I’ve just written my first kernel.
I took a function I otherwise use which is somewhat cpu heavy, and made it into a kernel.
I benchmarked the functions with 1000 runs, and the old CPU version takes about 2 seconds, the Cuda enabled version takes 30 seconds to complete.
I was like O_o?
The function is somewhat “control-code-intensive”, so maybe it’s just better suited to be run on a CPU, but I really didn’t expect it to execute that much slower.
How/where do I begin looking for the bottle-neck?
What are the common n00b-mistakes that I could have done?
It’s not really relevant to me if this function is well suited for a cuda device, I’m just trying to learn the tricks :)
Examine your memory access pattern carefully. Uncoalesced memory reads/writes can slow performance by a factor of 10 or more easily.
Comparing just a couple threads launched on a GPU vs the CPU. Due to the interleaved execution, a GPU doesn’t really hit full operating efficieny unless you are running ~10,000 independent threads.
Counting host<->device transfer time in your program. Yes, to make a “fair” comparison in the end you may need to include this, but it is really, REALLY slow. So if you are trying to test the performance of a kernel you need to leave it out of the timing. Additionally, the fastest CUDA application push every step onto the GPU so host<->device copies are no longer needed except at initialization.
Poor memory access pattern (mentioned above)
Poor block configuration (i.e. blocks of 1 thread execute in the same time as blocks of 32)
These are the biggest mistakes I’ve seen made in “What! GPU is slower than the CPU!” threads. Just remember, the programming guide is your friend. It has everything in it you need, including many performance guidelines, to write optimal CUDA code. If you don’t learn well from manuals, then check out the FAQ: it has links to other great resources to get the same information in a classroom format.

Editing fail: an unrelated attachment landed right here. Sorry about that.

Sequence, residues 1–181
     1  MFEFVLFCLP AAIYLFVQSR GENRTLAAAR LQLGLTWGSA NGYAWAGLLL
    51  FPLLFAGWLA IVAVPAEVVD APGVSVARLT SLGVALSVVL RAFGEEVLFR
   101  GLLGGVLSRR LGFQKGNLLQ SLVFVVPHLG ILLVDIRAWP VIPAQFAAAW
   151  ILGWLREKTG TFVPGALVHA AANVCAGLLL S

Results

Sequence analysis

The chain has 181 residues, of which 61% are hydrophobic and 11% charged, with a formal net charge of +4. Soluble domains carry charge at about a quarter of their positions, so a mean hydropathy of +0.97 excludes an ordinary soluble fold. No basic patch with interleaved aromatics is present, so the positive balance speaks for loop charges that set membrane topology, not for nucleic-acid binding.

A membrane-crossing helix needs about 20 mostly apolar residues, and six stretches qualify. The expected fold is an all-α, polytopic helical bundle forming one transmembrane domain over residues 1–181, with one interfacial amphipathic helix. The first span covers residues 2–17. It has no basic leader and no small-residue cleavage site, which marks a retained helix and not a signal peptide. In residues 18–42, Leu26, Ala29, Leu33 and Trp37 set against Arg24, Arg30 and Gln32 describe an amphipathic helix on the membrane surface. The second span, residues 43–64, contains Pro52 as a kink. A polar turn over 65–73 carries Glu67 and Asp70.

The “usual” mistake is to include cudaMalloc/cudaMemcpy of the whole big array each time (cudaMalloc is especially expensive). Copying just 3 floats back will only change the timing by ~20 microseconds, so that isn’t so bad.
Coalesced = good. The programming guide has lots of examples and all the rules defining coalescing. They will take a while to sink in, but you will eventually get the hang of it. We’ll always answer questions here, too: especially if you’ve read the guide first and are coming here for clarification.
If you absolutely cannot coalesce (i.e. semi-random access pattern), then there are other ways (textures, constant memory, shared memory staging). I can’t give any rules of thumb because there are so many options and the best must be determined on a case by case basis.
The shared memory space maps to the scratchpad memory of the GPU, and is local to each thread
block. The texture memory space uses the GPUs texture caching and ltering capabilities, and
is best utilized with data access patterns exhibiting 2-D locality. More detailed information about
GPU architecture and how features of the CUDA model affect application performance is presented